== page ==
What was intended to be a one-off bit of fun turned into a second session, at Peel’s request. This session, which included Ukrainian mandolinist Roman Remeynes, was also played numerous times. As a result, there was pressure to release these first two sessions as an album, and so Ukrainski Vistupi V Johna Peela was born. Although the band only played an 8 day UK tour to promote it, it sold almost 70,000 copies worldwide.

Fast forward to 1993. The Ukranians have by now recorded and released a debut LP and become staples of the festival circuit as well as headlining their own tours all across Europe. They went into the recoding studio and emerged with a new EP Pisni Iz The Smiths – four incredible takes on Bigmouth Strikes Again (Batyar), Koroleva Ne Polerma (The Queen Is Dead), M’yaso-Ubivsto (Meat Is Murder) and Spivaye Solovey (What Difference Does It Make?).



rdsksn keep fr

Released in 1984 at the height of what was the most bitter and confrontational industrial strike that has happened in my lifetime.

My most abiding memory of the song, aside from dancing to it in the student union, was when The Redskins gave a live rendition one Friday tea-time on ‘The Tube’ some six months into the strike.

Having just crashed their way through Hold On, lead singer Chris Dean (who also at the time wrote for the NME under the name of X Moore) introduced a temporary member of the band for Keep On Keepin On.  A miner from Durham (which was the closest mining area to the Newcastle studios where The Tube was recorded) took to the stage and attempted to explain why he was on strike.  His words were met with applause from the audience down at the front of the stage but they didn’t reach the ears of those of use sitting in our living rooms as the microphone had mysteriously failed.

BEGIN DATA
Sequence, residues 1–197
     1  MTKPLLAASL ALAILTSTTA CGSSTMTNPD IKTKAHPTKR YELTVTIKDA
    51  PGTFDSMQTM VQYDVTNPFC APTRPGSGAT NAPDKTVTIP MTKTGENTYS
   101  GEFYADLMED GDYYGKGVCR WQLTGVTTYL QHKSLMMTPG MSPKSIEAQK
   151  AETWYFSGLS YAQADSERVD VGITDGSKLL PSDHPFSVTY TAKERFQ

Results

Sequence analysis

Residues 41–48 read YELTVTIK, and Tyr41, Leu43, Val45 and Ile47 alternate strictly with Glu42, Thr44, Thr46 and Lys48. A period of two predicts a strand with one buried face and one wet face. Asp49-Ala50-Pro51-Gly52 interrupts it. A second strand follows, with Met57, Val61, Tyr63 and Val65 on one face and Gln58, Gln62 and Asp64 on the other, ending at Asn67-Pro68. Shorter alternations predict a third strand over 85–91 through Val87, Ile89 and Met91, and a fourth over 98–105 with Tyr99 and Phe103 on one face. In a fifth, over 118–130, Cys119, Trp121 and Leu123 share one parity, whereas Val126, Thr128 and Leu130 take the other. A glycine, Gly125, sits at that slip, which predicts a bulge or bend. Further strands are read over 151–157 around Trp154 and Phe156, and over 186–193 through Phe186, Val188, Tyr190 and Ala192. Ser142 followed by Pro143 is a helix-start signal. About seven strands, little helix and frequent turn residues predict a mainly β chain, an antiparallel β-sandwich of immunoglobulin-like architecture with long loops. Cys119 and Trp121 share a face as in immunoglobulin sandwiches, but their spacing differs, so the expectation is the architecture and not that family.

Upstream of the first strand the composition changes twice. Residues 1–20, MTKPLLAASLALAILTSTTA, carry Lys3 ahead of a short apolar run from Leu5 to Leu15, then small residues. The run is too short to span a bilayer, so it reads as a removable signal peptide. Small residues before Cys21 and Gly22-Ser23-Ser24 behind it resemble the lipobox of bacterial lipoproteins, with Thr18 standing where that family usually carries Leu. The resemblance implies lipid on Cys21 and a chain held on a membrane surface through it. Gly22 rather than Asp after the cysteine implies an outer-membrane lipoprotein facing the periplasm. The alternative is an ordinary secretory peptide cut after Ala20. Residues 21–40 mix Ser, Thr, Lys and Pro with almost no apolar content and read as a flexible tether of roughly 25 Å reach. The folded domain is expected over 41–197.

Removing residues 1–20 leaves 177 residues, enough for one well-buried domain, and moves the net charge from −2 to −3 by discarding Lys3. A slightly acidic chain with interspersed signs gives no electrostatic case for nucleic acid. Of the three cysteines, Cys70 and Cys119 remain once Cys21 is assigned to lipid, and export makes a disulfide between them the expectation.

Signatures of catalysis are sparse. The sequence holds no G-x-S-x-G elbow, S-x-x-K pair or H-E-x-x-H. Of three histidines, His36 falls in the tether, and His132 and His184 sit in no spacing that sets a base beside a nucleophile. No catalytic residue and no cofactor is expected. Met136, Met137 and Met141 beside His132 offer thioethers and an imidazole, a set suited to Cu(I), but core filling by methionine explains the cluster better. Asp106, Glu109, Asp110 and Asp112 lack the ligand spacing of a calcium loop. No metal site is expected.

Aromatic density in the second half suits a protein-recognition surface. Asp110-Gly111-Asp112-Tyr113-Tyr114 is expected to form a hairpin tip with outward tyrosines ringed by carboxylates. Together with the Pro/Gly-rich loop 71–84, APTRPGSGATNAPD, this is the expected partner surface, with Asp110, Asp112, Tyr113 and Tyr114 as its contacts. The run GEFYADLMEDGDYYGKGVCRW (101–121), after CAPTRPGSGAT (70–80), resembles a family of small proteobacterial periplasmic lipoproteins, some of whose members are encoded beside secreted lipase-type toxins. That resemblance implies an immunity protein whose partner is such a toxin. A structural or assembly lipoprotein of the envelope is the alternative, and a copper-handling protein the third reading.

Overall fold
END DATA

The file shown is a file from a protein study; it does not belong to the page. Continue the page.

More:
There was uproar afterwards as Channel 4 was accused of deliberately sabotaging the performance.  The TV station claimed it didn’t know in advance that the striking miner would take to the stage and had no idea that he would take to that particular mic which had actually malfunctioned during the performance of the first song. I’ve got this footage on VHS tape and it is true that when Martin Hewes was singing backing vocals on Hold On he couldn’t be heard….but it still seems to have been all too convenient.

The publicity helped get the single some radio airplay and enough sales to take it into the Top 50, but sadly not enough to ever lead to a Top of The Pops appearance.

In an era of ever increasingly bland chart fodder, I’ve no doubt at all that The Redskins would get no airplay nowadays. Indeed, even when you watch or listen to shows that look back at the music that was most synonymous with the era you’ll never spot The Redskins.

Keep On Keepin On is a cracking record, as indeed is the LP Neither Washington Nor Moscow with its heady mix of pop, soul, blues, folk, punk and left-wing politics and it’s very obvious that The Redskins were a hugely talented band who could have made and sold records for many years to come.  But they didn’t…..